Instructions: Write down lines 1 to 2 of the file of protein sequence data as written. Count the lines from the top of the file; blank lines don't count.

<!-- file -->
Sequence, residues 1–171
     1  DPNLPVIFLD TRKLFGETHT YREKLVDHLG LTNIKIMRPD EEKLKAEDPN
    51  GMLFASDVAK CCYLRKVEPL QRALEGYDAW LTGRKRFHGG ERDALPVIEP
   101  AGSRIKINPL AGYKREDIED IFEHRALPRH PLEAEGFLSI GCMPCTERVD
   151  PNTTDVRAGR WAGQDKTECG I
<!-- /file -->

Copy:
Sequence, residues 1–171
     1  DPNLPVIFLD TRKLFGETHT YREKLVDHLG LTNIKIMRPD EEKLKAEDPN